QUICK AND DIRTY: LIVE FROM TALLINN
Riobaldo (Caio Blat) tells his story. As a young boy in the urban jungle of Brazil’s Sertao, he bonds with fearless kid his own age Diadorim, who shows him how to scale brutalist towers and scare off predatory adults with an effective flick of the knife.
By the time Riobaldo has grown up to become a teacher, this concrete sprawl has become the battleground for a struggle between a gang led by local, criminal warlord Joca Ramiro (Rodrigo Lombardi) and forces under the command of Colonel Zé Bebelo (Luis Miranda) determined to restore law and order to the country. They may trade in violence, but both leaders are honourable men. Not so one of Joca’s lieutenants Hermógenes (played with great relish by the ingratiating Eduardo Sterblitch), a seemingly unstoppable force of nature who has sold his soul to the devil to advance his own ends. Riobaldo’s educational ideals and hope for the country’s future are shattered by the pointless death of a star pupil when she is caught and killed in the crossfire of a street fight between the opposing gang and military factions.
In contrast to Riobaldo’s path, the grown-up Diadorim (the director’s daughter Luisa Arraes) becomes a fighter in Joca’s gang: the sort of fighter that bests several assailants one after the other in a sequence that will have action fans drooling. Luisa, at least as costumed, coiffed and made up here, is an androgynous type that could pass for male or female, an attribute shared by the child actor who plays her younger self. When we first see the character in action, they read as female. After a while, though, you forget about it and start to read the character as male.
What follows is on a macro level the story of the two groups waging war on one another, with power structures constantly shifting and weaving within and between them, and on a micro level the story of Riobaldo and Diadorim which in its very nature is also given to shifting and weaving around.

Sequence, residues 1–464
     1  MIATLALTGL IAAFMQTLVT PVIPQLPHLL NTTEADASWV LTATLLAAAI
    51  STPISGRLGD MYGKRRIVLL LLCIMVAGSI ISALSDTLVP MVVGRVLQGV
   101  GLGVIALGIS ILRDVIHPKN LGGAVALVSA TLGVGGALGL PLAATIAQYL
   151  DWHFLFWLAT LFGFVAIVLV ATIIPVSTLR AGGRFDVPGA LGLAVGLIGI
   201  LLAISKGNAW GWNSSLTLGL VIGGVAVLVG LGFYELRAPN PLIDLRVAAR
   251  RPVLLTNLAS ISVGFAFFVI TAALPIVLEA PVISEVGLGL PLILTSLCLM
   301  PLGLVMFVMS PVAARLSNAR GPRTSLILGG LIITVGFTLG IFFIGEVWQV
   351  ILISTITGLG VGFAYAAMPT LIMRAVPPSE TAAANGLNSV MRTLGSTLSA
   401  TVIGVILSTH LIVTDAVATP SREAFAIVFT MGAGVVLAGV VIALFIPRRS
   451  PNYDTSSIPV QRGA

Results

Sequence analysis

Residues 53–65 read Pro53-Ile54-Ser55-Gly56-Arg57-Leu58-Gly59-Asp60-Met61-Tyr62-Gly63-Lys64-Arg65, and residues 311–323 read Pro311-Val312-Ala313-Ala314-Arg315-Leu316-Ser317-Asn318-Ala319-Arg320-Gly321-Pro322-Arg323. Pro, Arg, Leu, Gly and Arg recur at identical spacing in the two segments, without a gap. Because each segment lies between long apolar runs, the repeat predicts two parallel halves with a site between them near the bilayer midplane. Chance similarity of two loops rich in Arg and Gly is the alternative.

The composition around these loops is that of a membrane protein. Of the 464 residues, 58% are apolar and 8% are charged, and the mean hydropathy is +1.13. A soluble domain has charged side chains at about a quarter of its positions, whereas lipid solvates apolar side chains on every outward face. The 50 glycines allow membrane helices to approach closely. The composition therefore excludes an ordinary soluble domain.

On the former, one could imagine it being the sort of thing Shakespeare would write with its attention to the character detail which informs power struggles (and I’ve long suspected that, if he had been born in modern times, he would have been not only writing but also directing movies). By that same token, it would sit well beside feudal samurai mode Akira Kurosawa (think Throne of Blood or Ran – both Shakespeare plots) or, for that matter, Baz Luhrman’s Romeo + Juliet, which recast the warring of two houses with ballistic, John Woo style gunplay. Visually, it riffs off futuristic and / or biker gang movies, although there’s not much in the way of SF or biker trappings.
In fact, it’s an adaptation of the 1956 Brazilian Portuguese literary masterpiece The Devil to Pay in the Backlands / Grande Sertão: Veredas by João Guimarães Rosa which was previously filmed in 1965 using the milieu of cowboys which is much closer to the rural setting of the original novel. Don’t be fooled into thinking this is some turgid, literary outing that would have been better left as a book, though: among other things, it’s a bravura piece of action cinema. And much, much more.
On the latter, the story of Riobaldo and Diadorim, it’s part buddy movie, part bromance and part unrequited love story, often with strong homoerotic overtones. You could argue that the whole thing is a lot like Shakespeare’s Romeo and Juliet, except for the (fairly major) fact that the two lovers are on the same side of the conflict. Again, the handling of the characterisation at this more personal level is worthy of a Shakespeare or a Kurosawa.
In short, a truly extraordinary film.
Great Sertão just premiered at the Critics’ Picks Competition of the 27th Tallinn Black Nights Film Festival.